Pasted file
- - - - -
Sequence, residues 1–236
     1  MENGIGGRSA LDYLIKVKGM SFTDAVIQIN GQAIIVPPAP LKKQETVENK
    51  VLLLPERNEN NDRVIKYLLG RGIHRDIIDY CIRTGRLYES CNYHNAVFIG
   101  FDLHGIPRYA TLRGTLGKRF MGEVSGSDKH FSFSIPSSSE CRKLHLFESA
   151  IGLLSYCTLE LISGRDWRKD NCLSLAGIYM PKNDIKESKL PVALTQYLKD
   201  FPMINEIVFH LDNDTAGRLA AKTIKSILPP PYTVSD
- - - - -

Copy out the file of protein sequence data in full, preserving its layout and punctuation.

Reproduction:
Sequence, residues 1–236
     1  MENGIGGRSA LDYLIKVKGM SFTDAVIQIN GQAIIVPPAP LKKQETVENK
    51  VLLLPERNEN NDRVIKYLLG RGIHRDIIDY CIRTGRLYES CNYHNAVFIG
   101  FDLHGIPRYA TLRGTLGKRF MGEVSGSDKH FSFSIPSSSE CRKLHLFESA
   151  IGLLSYCTLE LISGRDWRKD NCLSLAGIYM PKNDIKESKL PVALTQYLKD
   201  FPMINEIVFH LDNDTAGRLA AKTIKSILPP PYTVSD